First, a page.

2 November 2014 -
RUMOURS OF GLORY - a memoir by Bruce Cockburn with Greg King
From the first page:
To everyone who, through lo these many years, has done me the honour of paying attention.
This book would not exist were it not for Greg King, who fed me back my recollections with insight and a sense of order that allowed me to take them and run. He was not a ghost writer but a close cocreator of the work you are about to read.
HarperCollinsCanada, hardcover, $35.99
On-Sale November 4, 2014
To Purchase from HarperCollins:
Here is a link to an excerpt - Overture and Chapter 4:
Here is a link to an excerpt - Chapter 11:
The Canadian folk/rock singer-songwriter recalls a nomadic life spent witnessing the social and political crises of our time through song.
Cockburn (b. 1945) proves to be a natural storyteller in this debut, which begins with his shy, lonely childhood growing up in a comfortable Ottawa family and traces his rise as a celebrated guitarist who moved from 1960s coffeehouses to concert halls to such hit recordings as “Wondering Where the Lions Are” (1980) and “If I Had a Rocket Launcher” (1984). Known for his eclectic musical tastes—jazz, rock, blues, reggae, folk, country—he entered the Canadian Music Hall of Fame in 2001. Writing with intelligence and candor, he tells how other artists—from Bob Dylan and Allen Ginsberg to Doris Lessing and Christian/occult author Charles Williams—influenced his thinking and work and sparked his lifelong activism against war, injustice and exploitation. Cockburn reflects at length on his keen interest in Christian mysticism and the “active benevolence” of the Bible, his view of his protest songs as cries of spiritual anguish, and his travels to troubled parts of Central America, Africa and elsewhere, where injustices touched him and turned into songs like “Rocket Launcher,” which he wrote after meeting with survivors of genocide against Mayan people by Guatemalan militias. “What doesn’t kill you makes for songs,” he writes. Long repressed and preferring “a covert life,” Cockburn writes that it took him many years to feel comfortable performing for audiences and to break out of the “bonds of isolation for the infinitely elastic bag of human absurdity.” He recalls his early unsuccessful marriage and subsequent intimate relationships with a series of strong women, including an unidentified “Madame X,” who helped him open up emotionally in the 1990s.
This unusually absorbing book will enthrall Cockburn fans and anyone interested in the life of a serious artist committed to his music and progressive causes.
7 November 2014 - One of the advantages of age is being able to laugh at your own youth – which Cockburn does in his new memoir.
Sex, guns and God—probably not what you expect from a Bruce Cockburn autobiography. Well, maybe the God part, if you were a fan of the Canadian musician’s work during the mid-’70s, his most explicitly Christian period. You might not know about his love of firearms or his erotically charged—okay, perfectly normal string of failed relationships, which he writes about candidly. You might, however, be surprised this book even exists, considering Cockburn’s ambivalence about his own fame. When his first album came out in 1970, he heard it played in its entirety on CHUM-FM as he walked around Toronto’s hippie enclave, Yorkville. “Most performers would have been thrilled. I was terrified. I thought, ‘I’m never going to have privacy again!’ ” Yet, here he is, 44 years later, with a memoir about, as he puts it, “making music, making love, making mistakes, making my way across this beautiful and dangerous planet.”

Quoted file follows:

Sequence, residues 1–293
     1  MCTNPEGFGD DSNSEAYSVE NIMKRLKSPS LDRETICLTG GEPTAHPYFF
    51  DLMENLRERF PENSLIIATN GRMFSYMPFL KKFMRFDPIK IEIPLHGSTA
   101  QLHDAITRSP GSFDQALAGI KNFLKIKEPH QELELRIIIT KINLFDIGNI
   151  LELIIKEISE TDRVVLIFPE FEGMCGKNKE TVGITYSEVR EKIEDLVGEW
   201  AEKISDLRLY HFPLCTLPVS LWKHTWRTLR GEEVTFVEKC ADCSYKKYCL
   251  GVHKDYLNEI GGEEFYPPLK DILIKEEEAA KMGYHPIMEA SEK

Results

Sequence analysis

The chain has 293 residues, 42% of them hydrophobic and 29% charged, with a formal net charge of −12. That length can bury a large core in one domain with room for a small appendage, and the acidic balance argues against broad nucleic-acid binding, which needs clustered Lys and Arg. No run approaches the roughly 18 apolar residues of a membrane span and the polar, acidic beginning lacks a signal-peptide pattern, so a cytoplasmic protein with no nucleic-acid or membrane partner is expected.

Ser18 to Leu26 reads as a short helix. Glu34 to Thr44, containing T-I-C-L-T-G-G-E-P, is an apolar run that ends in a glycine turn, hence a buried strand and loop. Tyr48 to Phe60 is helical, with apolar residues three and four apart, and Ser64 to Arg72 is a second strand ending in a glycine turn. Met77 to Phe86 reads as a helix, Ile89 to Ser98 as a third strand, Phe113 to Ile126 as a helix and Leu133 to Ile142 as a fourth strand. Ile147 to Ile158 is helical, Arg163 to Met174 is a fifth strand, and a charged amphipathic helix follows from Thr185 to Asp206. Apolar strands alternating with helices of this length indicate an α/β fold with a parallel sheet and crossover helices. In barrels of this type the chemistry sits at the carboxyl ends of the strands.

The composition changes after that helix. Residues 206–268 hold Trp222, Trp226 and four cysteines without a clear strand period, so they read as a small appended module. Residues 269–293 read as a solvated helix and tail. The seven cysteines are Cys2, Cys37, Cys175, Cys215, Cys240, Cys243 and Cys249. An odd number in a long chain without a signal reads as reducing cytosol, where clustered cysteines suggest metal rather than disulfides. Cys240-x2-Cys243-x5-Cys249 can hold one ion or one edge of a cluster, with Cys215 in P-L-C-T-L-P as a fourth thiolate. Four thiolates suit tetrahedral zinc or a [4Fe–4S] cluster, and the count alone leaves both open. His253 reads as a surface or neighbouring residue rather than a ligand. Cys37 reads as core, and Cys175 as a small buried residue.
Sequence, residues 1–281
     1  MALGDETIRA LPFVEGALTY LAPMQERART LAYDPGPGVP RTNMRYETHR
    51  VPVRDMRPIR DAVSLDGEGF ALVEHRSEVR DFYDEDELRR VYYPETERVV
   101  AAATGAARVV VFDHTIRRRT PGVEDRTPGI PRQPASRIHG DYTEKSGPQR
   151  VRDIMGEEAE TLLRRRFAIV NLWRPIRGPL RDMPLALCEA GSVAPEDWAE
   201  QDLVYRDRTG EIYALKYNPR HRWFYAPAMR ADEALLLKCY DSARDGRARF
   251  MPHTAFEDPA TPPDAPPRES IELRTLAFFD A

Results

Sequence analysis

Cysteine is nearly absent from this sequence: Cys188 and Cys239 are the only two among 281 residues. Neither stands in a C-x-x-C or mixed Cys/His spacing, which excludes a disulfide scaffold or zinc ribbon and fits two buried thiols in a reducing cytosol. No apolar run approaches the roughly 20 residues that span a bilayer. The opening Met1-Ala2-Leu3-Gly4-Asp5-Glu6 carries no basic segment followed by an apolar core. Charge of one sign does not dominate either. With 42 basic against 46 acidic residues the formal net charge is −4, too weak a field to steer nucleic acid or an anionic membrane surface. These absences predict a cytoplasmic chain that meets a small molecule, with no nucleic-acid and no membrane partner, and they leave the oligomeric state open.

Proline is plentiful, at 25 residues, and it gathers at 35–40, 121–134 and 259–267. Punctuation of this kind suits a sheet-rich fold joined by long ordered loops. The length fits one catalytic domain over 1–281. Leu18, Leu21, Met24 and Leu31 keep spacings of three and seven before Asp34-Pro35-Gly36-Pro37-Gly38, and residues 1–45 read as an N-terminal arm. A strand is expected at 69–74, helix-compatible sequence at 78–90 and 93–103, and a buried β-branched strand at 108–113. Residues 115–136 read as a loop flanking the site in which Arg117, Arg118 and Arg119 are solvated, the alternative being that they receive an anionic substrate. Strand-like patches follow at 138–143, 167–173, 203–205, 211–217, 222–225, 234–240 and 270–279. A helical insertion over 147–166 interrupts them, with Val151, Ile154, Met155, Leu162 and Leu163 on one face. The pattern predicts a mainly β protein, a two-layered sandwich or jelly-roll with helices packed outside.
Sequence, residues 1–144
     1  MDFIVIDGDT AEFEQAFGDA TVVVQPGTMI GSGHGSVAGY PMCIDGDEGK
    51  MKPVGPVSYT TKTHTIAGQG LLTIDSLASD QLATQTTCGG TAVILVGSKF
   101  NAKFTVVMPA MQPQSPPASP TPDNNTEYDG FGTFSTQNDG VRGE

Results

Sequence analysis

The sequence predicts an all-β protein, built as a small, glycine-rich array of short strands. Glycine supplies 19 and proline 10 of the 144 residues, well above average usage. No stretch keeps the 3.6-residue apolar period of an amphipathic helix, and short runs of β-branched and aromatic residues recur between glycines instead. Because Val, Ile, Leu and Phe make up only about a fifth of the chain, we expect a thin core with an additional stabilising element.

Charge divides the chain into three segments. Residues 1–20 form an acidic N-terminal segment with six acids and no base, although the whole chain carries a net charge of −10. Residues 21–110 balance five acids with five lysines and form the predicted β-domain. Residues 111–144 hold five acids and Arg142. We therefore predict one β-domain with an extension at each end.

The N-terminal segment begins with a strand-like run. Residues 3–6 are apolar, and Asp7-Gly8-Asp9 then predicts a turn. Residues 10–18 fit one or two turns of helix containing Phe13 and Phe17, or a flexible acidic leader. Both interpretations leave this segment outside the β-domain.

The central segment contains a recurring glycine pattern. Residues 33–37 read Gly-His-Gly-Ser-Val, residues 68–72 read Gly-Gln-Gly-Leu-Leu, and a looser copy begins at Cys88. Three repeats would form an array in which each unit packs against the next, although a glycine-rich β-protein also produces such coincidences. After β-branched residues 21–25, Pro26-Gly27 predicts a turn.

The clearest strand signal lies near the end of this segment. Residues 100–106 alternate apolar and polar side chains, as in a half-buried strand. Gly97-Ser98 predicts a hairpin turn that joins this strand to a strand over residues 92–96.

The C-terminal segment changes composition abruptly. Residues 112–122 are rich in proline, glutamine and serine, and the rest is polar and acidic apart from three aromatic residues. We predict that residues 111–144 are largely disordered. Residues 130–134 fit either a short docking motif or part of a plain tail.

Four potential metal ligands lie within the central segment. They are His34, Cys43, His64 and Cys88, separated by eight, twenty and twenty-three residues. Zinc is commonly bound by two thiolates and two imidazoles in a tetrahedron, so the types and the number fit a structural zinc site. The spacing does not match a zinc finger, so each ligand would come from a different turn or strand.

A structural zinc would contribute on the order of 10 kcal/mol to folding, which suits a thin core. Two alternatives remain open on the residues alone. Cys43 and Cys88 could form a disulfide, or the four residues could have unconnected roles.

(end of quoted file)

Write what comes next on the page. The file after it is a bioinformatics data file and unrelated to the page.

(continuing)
A surprisingly large portion of his book portrays a man who came to Christianity as an adult, after dabbling in the occult, and whose ever-evolving understanding of faith and the Divine manifests itself in every aspect of his life and art. He is a searcher; his songs are often reportage of his travels, philosophical and physical. But there is also some juice here. His first album was funded by a shady drug dealer. At a concert in Italy, armed men suddenly started moving around his equipment, mid-song; there had been an anarchist bomb threat.
It’s hard to imagine a more Canadian memoir: a serious, self-righteous, self-deprecating and quietly talented artist who purposely avoided pursuing success outside Canada until he landed a Top 40 hit in 1979, Wondering Where the Lions Are. (That gave his U.S. record-label head a few strange promotional ideas—including “showing up at a radio station with a lion on a leash, scaring the s–t out of everybody.”) Cockburn’s marriage fell apart because, he says, he was “unable to adequately express feeling.” That would probably do it, yeah.
If you’ve ever heard a Bruce Cockburn song, you know he’s earnest—often to a fault. Here’s a guy who admits, when writing about his not-so-wild youth: “In my mind, life was too serious and weighty to actually be ‘fun.’ This outlook set in toward my teens and didn’t dissipate for the next 30 years.” When did that change, exactly? He doesn’t say. But one of the advantages of age is being able to laugh at your own youth—which Cockburn does. Earnestly, of course.
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